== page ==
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SBA reports early successes with GO Loan program

Even before Congress passed the Gulf Opportunity (GO) Zone Act of 2005, which helps businesses in 40 Mississippi counties affected by Hurricane Katrina rebuild and expand, and attracts new investment and new businesses with more than a dozen tax incentives, the U.S. Small Business Administration (SBA) began beefing up its staff of lenders in Mississippi for its GO Loan Pilot Program.

“Since the beginning of the fiscal year, October 1, we’ve brought on 15 new SBA lenders, and they cover the regular 7(a), Express Loan and Gulf Opportunity (GO) Loan programs,” said SBA district director Janita Stewart. “Right now, we have 11 GO Loan lenders in Mississippi who are starting to use that pilot program. As of February 10, we’ve made 30 GO Loans in Mississippi for just over $1.7 million.”

Even though the SBA doesn’t directly help small business owners understand all of the provisions related to the GO Zone Act, SBA resource partners have hosted numerous workshops involving SBA representatives.

“One of our pieces of recovery assistance is the GO Loan program, where we provide the guarantee to the lender who makes loans to businesses within the zone,” explained Stewart.

The SBA has approved more than $4 billion in disaster loans to homeowners, renters and businesses affected by Hurricanes Katrina, Rita and Wilma, surpassing the previous record set after the Northridge Earthquake in 1994. Louisiana leads in disaster loan approvals at $2.4 billion, followed by Mississippi, at $1.4 billion.

The year-long GO Loan Program expedites small business financing to those communities severely impacted by Hurricanes Katrina and Rita. The agency provides its full guaranty and streamlined and centralized loan processing to qualified lenders that agree to make expedited SBA 7(a) loans available to small businesses located in those disaster areas.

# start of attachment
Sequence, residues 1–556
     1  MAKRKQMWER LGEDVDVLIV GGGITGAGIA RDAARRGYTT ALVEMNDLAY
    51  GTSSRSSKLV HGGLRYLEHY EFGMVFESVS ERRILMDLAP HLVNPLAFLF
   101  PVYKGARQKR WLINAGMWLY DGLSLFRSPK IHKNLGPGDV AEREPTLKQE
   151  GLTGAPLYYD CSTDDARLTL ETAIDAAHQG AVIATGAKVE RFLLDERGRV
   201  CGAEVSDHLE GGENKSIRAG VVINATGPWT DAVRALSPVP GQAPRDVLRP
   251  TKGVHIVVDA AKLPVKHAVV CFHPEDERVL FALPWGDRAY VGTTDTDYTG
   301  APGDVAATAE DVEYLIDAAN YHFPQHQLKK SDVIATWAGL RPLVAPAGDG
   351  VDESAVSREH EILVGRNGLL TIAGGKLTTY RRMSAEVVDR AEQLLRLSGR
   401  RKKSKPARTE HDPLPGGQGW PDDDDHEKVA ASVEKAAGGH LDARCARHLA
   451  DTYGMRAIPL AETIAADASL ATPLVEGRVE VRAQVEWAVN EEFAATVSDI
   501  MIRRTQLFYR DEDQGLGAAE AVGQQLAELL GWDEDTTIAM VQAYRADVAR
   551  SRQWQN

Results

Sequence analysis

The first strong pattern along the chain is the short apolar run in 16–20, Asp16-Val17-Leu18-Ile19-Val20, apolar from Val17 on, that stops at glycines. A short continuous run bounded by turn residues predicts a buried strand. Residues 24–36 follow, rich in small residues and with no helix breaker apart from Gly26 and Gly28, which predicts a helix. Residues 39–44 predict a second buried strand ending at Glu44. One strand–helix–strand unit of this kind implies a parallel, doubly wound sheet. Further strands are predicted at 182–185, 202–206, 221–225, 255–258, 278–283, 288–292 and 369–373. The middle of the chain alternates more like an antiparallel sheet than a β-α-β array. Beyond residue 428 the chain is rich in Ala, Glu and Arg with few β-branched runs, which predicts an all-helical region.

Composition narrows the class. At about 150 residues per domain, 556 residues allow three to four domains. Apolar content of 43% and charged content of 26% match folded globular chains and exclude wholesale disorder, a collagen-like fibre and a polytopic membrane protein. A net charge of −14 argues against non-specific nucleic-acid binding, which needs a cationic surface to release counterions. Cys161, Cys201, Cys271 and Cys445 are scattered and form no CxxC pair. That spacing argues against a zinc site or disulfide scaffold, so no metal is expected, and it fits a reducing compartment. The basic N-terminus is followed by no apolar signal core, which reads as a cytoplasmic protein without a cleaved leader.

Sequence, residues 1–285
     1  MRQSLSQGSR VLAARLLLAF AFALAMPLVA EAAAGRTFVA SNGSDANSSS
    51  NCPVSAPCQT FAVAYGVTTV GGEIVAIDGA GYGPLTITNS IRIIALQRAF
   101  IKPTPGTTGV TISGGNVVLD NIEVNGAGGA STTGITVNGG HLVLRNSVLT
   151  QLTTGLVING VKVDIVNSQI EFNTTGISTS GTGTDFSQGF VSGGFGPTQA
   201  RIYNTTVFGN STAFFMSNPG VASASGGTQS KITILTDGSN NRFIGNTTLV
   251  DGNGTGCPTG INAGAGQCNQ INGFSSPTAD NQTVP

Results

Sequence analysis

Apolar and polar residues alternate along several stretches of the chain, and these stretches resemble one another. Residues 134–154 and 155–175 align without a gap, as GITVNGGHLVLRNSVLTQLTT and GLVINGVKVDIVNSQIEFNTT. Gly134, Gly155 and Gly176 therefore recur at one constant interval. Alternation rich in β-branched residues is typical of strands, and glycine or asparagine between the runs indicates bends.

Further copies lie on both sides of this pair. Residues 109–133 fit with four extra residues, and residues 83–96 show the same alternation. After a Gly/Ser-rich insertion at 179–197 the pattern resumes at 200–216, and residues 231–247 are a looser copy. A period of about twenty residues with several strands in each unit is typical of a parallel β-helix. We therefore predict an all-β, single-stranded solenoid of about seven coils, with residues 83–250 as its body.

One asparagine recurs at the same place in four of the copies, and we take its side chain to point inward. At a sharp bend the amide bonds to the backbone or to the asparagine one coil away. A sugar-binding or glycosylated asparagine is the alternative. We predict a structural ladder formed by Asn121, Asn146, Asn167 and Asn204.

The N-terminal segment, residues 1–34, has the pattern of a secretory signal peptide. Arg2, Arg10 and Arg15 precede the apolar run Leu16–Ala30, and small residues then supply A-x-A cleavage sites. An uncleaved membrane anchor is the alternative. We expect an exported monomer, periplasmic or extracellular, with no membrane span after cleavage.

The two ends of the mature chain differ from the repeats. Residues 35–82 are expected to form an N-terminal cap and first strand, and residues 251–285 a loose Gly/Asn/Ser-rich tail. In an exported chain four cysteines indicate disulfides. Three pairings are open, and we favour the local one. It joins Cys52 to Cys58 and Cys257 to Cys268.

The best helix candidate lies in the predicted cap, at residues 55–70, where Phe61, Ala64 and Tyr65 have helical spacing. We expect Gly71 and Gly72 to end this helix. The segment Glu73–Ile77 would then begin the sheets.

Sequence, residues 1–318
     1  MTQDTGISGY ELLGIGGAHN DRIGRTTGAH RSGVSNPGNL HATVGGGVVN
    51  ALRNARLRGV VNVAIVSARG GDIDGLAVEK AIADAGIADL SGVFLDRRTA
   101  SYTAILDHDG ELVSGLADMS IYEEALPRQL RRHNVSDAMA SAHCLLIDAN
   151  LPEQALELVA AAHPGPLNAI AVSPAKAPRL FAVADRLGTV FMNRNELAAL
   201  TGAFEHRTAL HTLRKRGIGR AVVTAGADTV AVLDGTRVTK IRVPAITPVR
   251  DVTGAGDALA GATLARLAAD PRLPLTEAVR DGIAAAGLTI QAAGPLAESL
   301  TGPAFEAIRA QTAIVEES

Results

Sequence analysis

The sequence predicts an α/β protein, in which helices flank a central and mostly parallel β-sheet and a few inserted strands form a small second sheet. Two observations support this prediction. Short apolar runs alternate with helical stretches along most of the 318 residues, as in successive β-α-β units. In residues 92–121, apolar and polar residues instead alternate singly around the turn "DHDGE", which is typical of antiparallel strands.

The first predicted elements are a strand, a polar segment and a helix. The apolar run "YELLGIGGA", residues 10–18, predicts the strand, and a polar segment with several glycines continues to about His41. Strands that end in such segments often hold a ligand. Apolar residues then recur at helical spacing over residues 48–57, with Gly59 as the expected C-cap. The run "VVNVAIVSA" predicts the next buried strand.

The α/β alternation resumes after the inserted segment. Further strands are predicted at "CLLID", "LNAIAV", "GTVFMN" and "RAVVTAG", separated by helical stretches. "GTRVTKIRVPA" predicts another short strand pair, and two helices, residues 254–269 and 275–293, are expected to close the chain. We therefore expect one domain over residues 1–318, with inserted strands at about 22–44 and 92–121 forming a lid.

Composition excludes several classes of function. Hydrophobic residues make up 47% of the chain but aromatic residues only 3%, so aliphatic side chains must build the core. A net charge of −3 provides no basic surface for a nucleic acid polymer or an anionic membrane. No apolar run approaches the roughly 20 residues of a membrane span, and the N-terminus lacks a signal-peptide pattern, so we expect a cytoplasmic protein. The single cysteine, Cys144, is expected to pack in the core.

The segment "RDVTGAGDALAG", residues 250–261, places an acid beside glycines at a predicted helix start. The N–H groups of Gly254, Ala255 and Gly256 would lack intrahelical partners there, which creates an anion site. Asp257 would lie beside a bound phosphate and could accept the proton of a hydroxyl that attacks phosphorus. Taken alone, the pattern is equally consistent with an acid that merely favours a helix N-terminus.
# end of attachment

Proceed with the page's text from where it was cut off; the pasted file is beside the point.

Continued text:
GO Loan features targeted relief for small businesses (maximum loan amount is $150,000), SBA’s most favorable guarantee (85%), streamlined paperwork for lenders and borrowers, expedited processes for members of the Preferred Lender Program and immediate eligibility for SBA Express lenders.

“This particular loan program expires in September, though it may be extended, and of course, we’ll continue with the disaster assistance programs we already provide,” said Stewart.

Bob Seals, corporate marketing director for Gulfport-based Hancock Bank, said customers were able to tap into $1 million available through SBA’s GO Loan Program beginning in January.

“Early on, we partnered with the SBA and SBDC (Small Business Development Center) to obtain loan applications or conventional credit, whatever the customer’s specific need was, to quickly help him get back on his feet,” said Seals.

Teresa Speir, director of the Gulf Coast SBDC in Bay St. Louis, who has hosted numerous workshops for new entrepreneurs and established small business owners, said the demand for information has increased dramatically since Hurricane Katrina struck the Mississippi Gulf Coast August 29, 2005.

“We’d usually have 10 people make a reservation and four would show up,” she recalled. “Now we have 10 people make reservations and 15 show up. We follow workshops with one-on-one counseling, as entrepreneurs get ready to go to the bank or look for a different type of financing. That’s where the SBA has helped tremendously getting information out and working through the red tape. The more information people have, the better able they are to make decisions about how to use the loan or what part of it to go after. The big part is translating the information to the individual needs of the business.”

Since the hurricane, Speir and one associate, covering six counties in South Mississippi, have worked with 982 people in workshops and one-on-one counseling, averaging 35 to 50 people per week.

“In the past, our thrust has been working with people starting businesses, but we’re pushing more toward existing businesses now because you’re seeing a lot of them starting to come back,” said Speir. “We’re hearing: ‘I want to start my business back, but the climate has changed, my customers have changed, where I get my product has changed, my location has changed.’ We’re helping with a lot of post-Katrina marketing.”

Right now, the biggest challenge for disaster-affected businesses is finding a location in which to re-open. “Small business owners are having to be real creative about where they open because so few places area available,” said Speir.

“They’re having to renovate space or build a facility. Once that decision is made, the next step is finding financing.”

Contact MBJ contributing writer Lynne W. Jeter at Lynne.Jeter@gmail.com.

About Lynne W. Jeter

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